Yes indeed, Midtown NYC has reopened, but it is still a ghost town. I live around 25 miles west of this exact location shown here. I could normally leave my home in Northern New Jersey at around 10:20 in the morning, and easily be crossing this street before noon for a "lunch 'n learn" with vendors, clients and sponsors of I have not been in the city (for any reason) for many months. There is just no reason for me to go into the city, as of August 2020. 

When I grew up in Cedar Grove, New Jersey (before moving to Florida) going into New York City was an adventure. Mostly, because going into "the city" was like taking your life into your hands. It was not safe! In the 1980's over 250 felonies were committed every week, making the New York subway the most dangerous mass transit system in the world. When I was growing up, you would have to have your head examined to walk the streets of New York City, much less Times Square. 

Last week, we recorded a really great video podcast with Rita McGrath of Columbia University. Her new book "Seeing Around Corners" represents a new approach to strategy formulation and management in a digital world. Recognizing and acting on inflection points is the central reason why leaders need to see around the corners of their business, the industry and customers. McGrath defines an inflection point as a single point in time when everything changes irrevocably. Disruption is an outcome of an inflection point. Could there be a bigger example of this than COVID-19? I don't know if anyone could have predicted what we are now experiencing with the pandemic. We had the Spanish Flu, also known as the 1918 pandemic caused by the H1N1 influenza virus. Lasting from February 1918 to April 1920, it infected 500 million people - about a third of the world's population at the time - in four successive waves. How did they stop the Spanish Flu? The most effective efforts had simultaneous closed schools, churches, and theaters, and banned public gatherings. This would allow time for vaccine development and lessened the strain on health care systems. 

I am not as pessimistic as my friend James. I do think that New York (and Orlando, and Chicago, and.....) will bounce back.  I think that humans are social creatures, and that we shall find a way to live closer than six feet apart. But I also think that it shall be a slog. It will take years to get back to anything that looks like pre-COVID, not months. And I think that the long-term damage will be much higher than anyone could have predicted. 

I do invite you to Join as we have both free and paid memberships. When and where can help you to thrive, not just survive in the COVID-19 world, we shall do so. After all, we are all living, learning, working, playing - in the clouds. While wearing a mask. 

New York City - 1918

Sunday, August 2, 2020

Get me Dick Fosbury!

[ If you are on a smartphone, view in landscape, hold sideways ]

The Fosbury Flop is a style used in the event of high jump. It was popularized and perfected by American athlete Dick Fosbury, whose gold medal in the 1968 Summer Olympics in Mexico City brought it to the world's attention.

The genius of the Fosbury Flop is that it allows the athlete to bend his or her back around the bar at the peak, causing the athletes body to clear the bar while his or her center of mass actually travels below the bar.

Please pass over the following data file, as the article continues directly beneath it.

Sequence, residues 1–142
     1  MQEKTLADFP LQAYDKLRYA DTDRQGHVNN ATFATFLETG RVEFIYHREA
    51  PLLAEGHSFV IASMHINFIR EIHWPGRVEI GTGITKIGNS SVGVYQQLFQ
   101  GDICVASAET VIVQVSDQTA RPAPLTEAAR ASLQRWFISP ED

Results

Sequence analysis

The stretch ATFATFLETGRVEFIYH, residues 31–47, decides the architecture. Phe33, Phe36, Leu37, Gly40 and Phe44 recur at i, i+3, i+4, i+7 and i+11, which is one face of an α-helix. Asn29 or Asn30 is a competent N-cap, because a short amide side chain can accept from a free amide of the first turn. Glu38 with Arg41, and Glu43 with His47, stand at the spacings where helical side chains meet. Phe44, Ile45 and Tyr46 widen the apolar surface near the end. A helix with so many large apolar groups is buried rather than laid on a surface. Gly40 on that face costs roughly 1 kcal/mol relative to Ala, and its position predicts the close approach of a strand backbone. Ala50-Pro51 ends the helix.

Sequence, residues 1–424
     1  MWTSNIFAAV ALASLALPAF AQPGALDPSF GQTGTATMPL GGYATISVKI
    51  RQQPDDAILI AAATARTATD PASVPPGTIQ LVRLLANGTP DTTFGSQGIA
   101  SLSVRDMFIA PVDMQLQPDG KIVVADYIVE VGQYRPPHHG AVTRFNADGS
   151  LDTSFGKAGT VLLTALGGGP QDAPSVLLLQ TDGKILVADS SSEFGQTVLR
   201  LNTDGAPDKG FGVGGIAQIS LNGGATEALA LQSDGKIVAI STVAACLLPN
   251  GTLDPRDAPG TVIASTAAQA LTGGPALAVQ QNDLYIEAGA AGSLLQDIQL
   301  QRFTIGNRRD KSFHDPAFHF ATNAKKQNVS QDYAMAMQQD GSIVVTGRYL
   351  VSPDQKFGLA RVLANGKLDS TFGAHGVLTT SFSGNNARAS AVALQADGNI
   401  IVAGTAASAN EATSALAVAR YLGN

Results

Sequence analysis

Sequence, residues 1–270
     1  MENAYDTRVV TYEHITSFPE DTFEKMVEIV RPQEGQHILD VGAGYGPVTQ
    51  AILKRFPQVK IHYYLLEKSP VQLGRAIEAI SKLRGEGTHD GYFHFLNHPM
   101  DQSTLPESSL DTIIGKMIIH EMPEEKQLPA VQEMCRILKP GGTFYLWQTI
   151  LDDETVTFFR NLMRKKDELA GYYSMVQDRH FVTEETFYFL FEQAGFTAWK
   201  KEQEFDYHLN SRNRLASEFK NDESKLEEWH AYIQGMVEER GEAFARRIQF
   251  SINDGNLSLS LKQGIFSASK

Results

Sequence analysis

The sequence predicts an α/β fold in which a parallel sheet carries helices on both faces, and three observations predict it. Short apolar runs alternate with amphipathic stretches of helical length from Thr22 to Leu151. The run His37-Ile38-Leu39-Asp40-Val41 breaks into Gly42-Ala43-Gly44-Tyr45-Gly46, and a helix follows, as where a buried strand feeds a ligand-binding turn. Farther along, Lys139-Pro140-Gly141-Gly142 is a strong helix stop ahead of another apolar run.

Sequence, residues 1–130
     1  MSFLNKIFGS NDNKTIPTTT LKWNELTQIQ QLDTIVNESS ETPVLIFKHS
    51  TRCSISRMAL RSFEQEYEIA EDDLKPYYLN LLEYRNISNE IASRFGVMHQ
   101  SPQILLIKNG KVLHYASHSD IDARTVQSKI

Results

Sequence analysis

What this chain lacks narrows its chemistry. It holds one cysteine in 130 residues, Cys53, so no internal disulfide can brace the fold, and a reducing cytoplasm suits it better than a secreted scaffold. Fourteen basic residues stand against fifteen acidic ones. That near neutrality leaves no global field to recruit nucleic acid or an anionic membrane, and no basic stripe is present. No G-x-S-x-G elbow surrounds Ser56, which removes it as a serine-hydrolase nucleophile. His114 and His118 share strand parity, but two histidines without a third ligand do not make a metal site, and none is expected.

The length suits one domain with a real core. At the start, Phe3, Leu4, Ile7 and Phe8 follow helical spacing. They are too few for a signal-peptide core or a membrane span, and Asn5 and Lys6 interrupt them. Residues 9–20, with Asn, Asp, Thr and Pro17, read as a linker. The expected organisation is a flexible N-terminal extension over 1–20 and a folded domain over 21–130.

Fosbury developed "the Flop" at the age of 16 after finding the standard techniques difficult. 

So, a few things:

Timing. Given that landing surfaces had previously been sandpits or low piles of matting, high jumpers of earlier years had to land on their feet to prevent injury. With the advent of deep foam matting, high jumpers were able to move to be more adventurous in their landing styles, and hence experiment with new styles of jumping. 

So, Dick Fosbury came along at a time in history where "the Flop" would not mean you would break your neck during (the less than forgiving) landing. 

On the world stage, Fosbury jumped, shockingly at the time, with his back to the bar. His head and shoulders cleared the high jump bar first, his legs and feet trailed. On October 20, 1968, 21 year old Dick Fosbury wins GOLD - and sets an Olympic record with "a Flop" that changed the sport - forever. 

The way that every serious high jumper does it now - they Flop. "I think quite a few kids will begin trying it my way now," he said when the Olympic Games were over. Within a decade, almost every elite high-jumper was doing it Fosbury's way. Since 1980, no one using any other technique has held the world record.

In sports, when you know better, you do better.

Especially in the global Olympics games. Every country, from all around the world, in competition. In 1968, the world was a witness to "the better way" to do the high jump. And you did not have to tell the world twice. 

Today, we are fighting a global pandemic. COVID-19 is ravaging the world. But the pandemic is especially rampant in the United States. As of today's numbers there are more cases of COVID-19 in the State of Florida, than in the entire European Union with 440M+ people. Let that sink in. 

Florida has more new cases of COVID-19 than the ENTIRE European Union. 

There is a "Dick Fosbury" of COVID-19. There are countries (right now, today) that are doing better than the United States in fighting COVID-19. WAY BETTER. The pandemic numbers don't lie. Today, the USA is not, not NOT the Dick Fosbury of pandemic management and mitigation. If fighting a pandemic was an Olympic Game, I don't even think the USA would get an honorable mention. 

The thing that I cannot understand, is why we (as a nation) don't copy, adapt or put into play the obvious better way to fight the pandemic. Other countries are "crushing it" in combating COVID-19. I mean, we are not talking about trying to win a GOLD MEDAL, we are talking about trying to save lives. 

America, where is our Dick Fosbury of COVID-19? 

[ Hint: they might be living in Europe, start there ]